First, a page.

NSD Symposium Explores Directions for Debt-Clearing Plans
At a meeting in late July, The Political Bureau of the Communist Party of China (CPC) Central Committee set forth the task of formulating and implementating a package of debt-clearing plans to defuse local debt risks. Since then, a number of debt-clearing paths have been put forward by the economic circle, including the issuance of re-financing bonds to replace hidden debts, or negotiations with financial institutions on debt swapping and extension. At a symposium at the NSD on September 10, experts believed containing further debt escalation is the prerequisite for handling current debt inventory.
Prof. Yao Yang, Dean of NSD and BiMBA, pointed out that it is rather easy to clear debts in the short term but difficult to stabilize local government debt level over the long run. The reasons for the uncontrollability of debts, he said, chiefly lie in political economy. Judging from the previous two rounds of debt clearing, the 1.5 trillion-yuan debt swap as reported by the media is not a good solution and will allow opportunism for local governments, he said. According to media reports, special re-financing bonds is likely to be re-launched in the second half of the year at a value of 1.5 trillion yuan and with more quotas for 12 provinces that are under high debt pressure, such as Tianjin, Yunnan, and Guizhou.
To prevent further growth in debts, Prof. Yao suggested making SOE budget implementation and final accounts part of that of equal-level governments, as well as allowing financing platforms to go bankrupt. Only by simultaneously strengthening supervision and market discipline can local debts be prevented from constant ballooning, he said.
Zhang Ming, Deputy Director of both the Institute of Finance and Banking of Chinese Academy of Social Sciences and National Institute for Finance and Development, said that as local governments are grappling with shrinking land-sale revenues, the central government should take charge of the overall planning of social welfare outlays, such as pension, medical care, and unemployment benefits. Besides, infrastructure financing should be conducted through treasury bonds or provincial government general bonds, and cities under should be forbidden to resort to marketized financing to fund infrastructure construction. He also suggested that local government assessment system should be adjusted by linking GDP growth with debt levels.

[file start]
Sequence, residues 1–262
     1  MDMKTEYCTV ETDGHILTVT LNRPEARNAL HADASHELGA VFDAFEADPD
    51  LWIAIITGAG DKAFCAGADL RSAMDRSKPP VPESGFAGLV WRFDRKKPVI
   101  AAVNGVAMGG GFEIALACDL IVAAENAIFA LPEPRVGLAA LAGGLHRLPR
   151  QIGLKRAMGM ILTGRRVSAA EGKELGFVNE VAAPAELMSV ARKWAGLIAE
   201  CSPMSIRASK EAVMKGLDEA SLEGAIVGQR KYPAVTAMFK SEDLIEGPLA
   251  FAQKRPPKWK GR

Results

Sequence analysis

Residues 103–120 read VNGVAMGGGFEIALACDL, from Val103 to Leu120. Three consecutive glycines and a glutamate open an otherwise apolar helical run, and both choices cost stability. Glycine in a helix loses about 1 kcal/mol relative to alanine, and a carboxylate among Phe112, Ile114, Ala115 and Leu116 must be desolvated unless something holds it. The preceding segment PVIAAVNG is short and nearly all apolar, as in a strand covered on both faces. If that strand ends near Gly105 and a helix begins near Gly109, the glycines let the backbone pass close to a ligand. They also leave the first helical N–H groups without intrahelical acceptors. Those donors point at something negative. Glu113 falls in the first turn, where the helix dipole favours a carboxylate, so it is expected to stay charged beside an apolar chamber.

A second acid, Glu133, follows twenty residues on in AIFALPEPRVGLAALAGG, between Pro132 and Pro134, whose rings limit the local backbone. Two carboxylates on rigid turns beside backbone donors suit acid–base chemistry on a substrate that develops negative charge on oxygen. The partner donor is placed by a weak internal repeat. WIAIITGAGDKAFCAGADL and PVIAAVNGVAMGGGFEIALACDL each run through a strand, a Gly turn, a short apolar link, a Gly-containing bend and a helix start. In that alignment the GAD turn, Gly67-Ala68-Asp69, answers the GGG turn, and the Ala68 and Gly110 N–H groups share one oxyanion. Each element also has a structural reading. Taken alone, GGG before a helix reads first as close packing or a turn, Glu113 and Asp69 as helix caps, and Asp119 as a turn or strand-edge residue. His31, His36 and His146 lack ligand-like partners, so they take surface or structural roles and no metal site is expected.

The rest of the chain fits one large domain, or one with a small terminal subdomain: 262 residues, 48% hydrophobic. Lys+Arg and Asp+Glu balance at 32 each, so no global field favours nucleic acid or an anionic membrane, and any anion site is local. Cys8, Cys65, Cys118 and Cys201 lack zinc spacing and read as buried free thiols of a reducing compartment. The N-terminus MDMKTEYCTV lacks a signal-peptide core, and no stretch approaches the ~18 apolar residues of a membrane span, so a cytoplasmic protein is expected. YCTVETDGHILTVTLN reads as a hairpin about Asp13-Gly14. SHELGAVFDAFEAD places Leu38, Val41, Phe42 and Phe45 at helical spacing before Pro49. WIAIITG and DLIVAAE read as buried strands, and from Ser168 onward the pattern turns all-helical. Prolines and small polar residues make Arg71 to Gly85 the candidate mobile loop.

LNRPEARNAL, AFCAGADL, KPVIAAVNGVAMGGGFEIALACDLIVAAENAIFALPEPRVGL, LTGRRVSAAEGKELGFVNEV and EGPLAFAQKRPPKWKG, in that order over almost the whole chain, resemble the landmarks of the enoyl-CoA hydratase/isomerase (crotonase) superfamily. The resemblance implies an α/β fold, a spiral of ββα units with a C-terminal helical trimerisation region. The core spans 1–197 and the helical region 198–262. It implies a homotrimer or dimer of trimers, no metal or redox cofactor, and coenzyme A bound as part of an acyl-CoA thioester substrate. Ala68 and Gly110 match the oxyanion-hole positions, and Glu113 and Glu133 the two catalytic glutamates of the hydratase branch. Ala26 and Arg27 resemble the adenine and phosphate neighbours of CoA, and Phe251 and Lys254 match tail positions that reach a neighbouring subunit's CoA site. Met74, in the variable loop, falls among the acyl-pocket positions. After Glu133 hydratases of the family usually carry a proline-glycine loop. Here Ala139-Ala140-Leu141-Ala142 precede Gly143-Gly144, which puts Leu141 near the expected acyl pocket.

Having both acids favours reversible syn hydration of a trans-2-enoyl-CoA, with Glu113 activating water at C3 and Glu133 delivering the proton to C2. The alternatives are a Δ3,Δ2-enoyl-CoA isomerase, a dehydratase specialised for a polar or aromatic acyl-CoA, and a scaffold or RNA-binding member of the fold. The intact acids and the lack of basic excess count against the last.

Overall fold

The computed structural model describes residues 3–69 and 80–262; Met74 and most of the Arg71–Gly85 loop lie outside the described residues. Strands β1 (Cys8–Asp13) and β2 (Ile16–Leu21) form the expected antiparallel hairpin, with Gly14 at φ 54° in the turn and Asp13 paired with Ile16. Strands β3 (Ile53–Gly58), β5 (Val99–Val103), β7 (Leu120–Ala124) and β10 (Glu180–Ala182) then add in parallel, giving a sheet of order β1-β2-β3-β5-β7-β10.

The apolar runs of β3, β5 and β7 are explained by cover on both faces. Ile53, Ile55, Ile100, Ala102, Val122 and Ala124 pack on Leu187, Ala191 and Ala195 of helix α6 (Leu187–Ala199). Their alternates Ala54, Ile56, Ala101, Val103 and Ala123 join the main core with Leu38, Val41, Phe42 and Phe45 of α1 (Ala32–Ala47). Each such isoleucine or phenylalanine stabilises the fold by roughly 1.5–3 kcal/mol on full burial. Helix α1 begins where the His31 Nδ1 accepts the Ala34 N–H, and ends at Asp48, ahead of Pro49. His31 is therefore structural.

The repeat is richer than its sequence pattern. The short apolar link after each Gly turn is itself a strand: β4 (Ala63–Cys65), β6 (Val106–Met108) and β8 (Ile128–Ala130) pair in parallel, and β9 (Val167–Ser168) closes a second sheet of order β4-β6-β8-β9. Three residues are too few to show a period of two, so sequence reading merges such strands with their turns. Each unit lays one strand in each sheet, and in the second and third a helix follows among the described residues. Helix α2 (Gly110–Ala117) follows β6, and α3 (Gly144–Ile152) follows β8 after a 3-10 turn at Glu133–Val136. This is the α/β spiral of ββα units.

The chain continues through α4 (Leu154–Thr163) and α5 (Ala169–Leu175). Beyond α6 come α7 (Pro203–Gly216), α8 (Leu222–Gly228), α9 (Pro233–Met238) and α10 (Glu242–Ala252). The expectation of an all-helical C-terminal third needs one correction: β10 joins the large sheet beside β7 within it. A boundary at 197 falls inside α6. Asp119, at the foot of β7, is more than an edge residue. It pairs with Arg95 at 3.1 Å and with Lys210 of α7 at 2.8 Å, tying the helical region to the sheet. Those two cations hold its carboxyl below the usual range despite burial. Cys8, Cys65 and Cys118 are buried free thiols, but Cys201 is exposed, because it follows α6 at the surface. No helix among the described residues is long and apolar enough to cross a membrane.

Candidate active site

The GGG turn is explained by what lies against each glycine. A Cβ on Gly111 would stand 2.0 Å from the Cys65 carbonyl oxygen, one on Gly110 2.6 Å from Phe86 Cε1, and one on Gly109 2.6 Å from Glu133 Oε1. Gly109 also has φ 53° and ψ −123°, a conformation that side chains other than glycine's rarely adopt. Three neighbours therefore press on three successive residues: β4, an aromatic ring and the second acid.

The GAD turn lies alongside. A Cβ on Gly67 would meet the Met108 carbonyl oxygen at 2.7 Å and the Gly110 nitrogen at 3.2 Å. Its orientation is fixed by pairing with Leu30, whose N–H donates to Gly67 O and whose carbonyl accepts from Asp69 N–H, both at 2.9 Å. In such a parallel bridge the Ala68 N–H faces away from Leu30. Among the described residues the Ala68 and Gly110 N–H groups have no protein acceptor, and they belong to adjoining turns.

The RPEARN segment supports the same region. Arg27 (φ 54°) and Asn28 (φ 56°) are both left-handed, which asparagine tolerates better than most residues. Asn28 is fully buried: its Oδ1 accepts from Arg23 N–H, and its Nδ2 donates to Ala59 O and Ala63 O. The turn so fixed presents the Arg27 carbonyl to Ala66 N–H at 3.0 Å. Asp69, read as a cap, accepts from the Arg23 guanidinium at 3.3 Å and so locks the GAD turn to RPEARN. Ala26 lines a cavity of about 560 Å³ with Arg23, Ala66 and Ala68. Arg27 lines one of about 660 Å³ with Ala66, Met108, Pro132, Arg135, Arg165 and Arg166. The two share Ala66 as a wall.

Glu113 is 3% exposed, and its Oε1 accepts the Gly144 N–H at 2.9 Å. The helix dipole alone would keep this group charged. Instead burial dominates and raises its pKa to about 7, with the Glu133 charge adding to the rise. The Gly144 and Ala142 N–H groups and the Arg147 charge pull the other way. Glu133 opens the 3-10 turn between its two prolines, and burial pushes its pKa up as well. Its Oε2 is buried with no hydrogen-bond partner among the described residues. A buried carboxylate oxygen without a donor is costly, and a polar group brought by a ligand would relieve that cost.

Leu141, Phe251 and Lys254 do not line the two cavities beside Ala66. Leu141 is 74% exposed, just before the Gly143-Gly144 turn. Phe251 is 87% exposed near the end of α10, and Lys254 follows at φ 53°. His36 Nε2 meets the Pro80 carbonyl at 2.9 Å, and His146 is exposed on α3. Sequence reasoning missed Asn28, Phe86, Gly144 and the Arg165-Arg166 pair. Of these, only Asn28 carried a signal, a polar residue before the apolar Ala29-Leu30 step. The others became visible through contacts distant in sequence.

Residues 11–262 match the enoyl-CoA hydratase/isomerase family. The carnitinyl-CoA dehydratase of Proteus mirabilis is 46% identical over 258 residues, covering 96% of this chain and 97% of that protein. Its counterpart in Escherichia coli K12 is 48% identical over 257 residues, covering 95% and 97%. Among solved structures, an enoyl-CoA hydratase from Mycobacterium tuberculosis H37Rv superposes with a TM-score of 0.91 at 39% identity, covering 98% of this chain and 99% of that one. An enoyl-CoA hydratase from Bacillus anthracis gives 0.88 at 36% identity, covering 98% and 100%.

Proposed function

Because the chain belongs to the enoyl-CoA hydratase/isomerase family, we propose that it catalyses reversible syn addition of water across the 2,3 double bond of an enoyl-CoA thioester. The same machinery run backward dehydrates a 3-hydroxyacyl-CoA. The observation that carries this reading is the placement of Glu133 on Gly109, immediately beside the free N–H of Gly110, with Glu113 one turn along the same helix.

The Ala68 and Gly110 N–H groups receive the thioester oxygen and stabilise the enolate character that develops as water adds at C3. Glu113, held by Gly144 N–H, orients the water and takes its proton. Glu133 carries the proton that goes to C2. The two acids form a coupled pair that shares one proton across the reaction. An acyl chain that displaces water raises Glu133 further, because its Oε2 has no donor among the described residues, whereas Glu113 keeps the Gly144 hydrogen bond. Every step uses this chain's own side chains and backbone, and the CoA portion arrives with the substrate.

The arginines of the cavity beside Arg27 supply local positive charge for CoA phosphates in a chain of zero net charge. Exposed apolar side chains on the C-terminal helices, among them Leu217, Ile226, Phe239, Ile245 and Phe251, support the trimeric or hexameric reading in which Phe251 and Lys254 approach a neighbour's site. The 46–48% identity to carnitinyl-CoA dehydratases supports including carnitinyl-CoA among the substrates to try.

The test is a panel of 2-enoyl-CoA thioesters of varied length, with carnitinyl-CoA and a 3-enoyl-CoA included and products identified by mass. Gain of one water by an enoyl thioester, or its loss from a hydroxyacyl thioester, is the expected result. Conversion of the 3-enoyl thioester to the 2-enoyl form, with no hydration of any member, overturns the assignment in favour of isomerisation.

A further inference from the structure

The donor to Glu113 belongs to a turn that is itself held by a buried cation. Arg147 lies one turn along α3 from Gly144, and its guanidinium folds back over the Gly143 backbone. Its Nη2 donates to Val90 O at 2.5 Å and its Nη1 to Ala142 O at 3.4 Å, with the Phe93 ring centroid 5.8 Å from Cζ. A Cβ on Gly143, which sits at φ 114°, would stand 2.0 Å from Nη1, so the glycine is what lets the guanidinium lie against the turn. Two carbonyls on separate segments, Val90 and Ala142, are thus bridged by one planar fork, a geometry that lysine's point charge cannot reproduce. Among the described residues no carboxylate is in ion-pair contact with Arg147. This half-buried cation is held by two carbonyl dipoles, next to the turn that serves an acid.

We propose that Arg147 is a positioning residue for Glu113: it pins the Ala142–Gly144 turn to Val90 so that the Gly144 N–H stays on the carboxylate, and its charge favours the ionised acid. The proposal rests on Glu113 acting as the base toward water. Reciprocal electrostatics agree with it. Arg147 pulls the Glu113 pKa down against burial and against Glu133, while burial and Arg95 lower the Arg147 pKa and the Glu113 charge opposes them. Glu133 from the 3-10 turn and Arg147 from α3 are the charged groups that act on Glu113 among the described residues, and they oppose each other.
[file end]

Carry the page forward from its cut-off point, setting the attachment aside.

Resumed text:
Prof. Mao Jie, Director of the Education Department of University of International Business and Economics and Professor of its School of International Trade and Economics, pointed out that China’s local debts are mixed public debts, making the clearing job extremely difficult. Of local debt holders, 82.54% are commercial banks, about 70% are large commercial banks, and less than 10% are regional financial institutions, according to statistics of the Ministry of Finance. Such hybrid nature might be behind its recurring off-and-on growth that has spanned cycles. He said to clear debts, their quasi-treasury bond nature should be gradually removed, so as to turn them into real municipal bonds or local government bonds. He also noted that the returns for some ad-hoc bond projects have been artificially pumped up to justify feasibility and increase appeal.
Hu Jiayin, NSD Assistant Professor and China Center for Economic Research (CCER) researcher, said that an optimal debt-clearing plan would need to balance liquidity risks and moral risks and prevent piling on new debts before the old ones are wound down. Identifying, swapping and clearing current stock of debts must go hand in hand with a check on the local governments’ financial capacity to fulfill their functions. International experiences show that when governments step in to rescue banks, sovereign debt crisis might be induced as a country only has a limited capacity to take on debts, she said.